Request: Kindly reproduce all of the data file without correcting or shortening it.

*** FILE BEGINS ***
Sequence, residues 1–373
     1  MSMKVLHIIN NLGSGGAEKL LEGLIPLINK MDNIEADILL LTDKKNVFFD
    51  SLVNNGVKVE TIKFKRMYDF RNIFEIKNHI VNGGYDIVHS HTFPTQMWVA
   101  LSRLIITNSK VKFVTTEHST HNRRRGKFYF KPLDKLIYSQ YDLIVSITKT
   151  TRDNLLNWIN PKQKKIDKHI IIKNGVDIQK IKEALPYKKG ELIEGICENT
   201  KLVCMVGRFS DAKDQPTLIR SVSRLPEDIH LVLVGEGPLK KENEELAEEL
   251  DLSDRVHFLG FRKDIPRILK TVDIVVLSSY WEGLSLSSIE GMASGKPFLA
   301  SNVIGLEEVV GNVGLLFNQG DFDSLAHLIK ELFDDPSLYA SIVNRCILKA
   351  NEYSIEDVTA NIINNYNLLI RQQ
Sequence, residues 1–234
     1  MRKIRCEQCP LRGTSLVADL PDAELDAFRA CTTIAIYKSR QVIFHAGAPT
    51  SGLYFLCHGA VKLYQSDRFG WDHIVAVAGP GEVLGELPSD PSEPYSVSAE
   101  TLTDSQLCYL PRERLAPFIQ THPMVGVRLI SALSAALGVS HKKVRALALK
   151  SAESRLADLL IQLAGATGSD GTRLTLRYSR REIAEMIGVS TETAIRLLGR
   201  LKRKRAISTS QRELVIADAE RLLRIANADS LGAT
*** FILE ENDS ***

Sequence, residues 1–373
     1  MSMKVLHIIN NLGSGGAEKL LEGLIPLINK MDNIEADILL LTDKKNVFFD
    51  SLVNNGVKVE TIKFKRMYDF RNIFEIKNHI VNGGYDIVHS HTFPTQMWVA
   101  LSRLIITNSK VKFVTTEHST HNRRRGKFYF KPLDKLIYSQ YDLIVSITKT
   151  TRDNLLNWIN PKQKKIDKHI IIKNGVDIQK IKEALPYKKG ELIEGICENT
   201  KLVCMVGRFS DAKDQPTLIR SVSRLPEDIH LVLVGEGPLK KENEELAEEL
   251  DLSDRVHFLG FRKDIPRILK TVDIVVLSSY WEGLSLSSIE GMASGKPFLA
   301  SNVIGLEEVV GNVGLLFNQG DFDSLAHLIK ELFDDPSLYA SIVNRCILKA
   351  NEYSIEDVTA NIINNYNLLI RQQ
Sequence, residues 1–234
     1  MRKIRCEQCP LRGTSLVADL PDAELDAFRA CTTIAIYKSR QVIFHAGAPT
    51  SGLYFLCHGA VKLYQSDRFG WDHIVAVAGP GEVLGELPSD PSEPYSVSAE
   101  TLTDSQLCYL PRERLAPFIQ THPMVGVRLI SALSAALGVS HKKVRALALK
   151  SAESRLADLL IQLAGATGSD GTRLTLRYSR REIAEMIGVS TETAIRLLGR
   201  LKRKRAISTS QRELVIADAE RLLRIANADS LGAT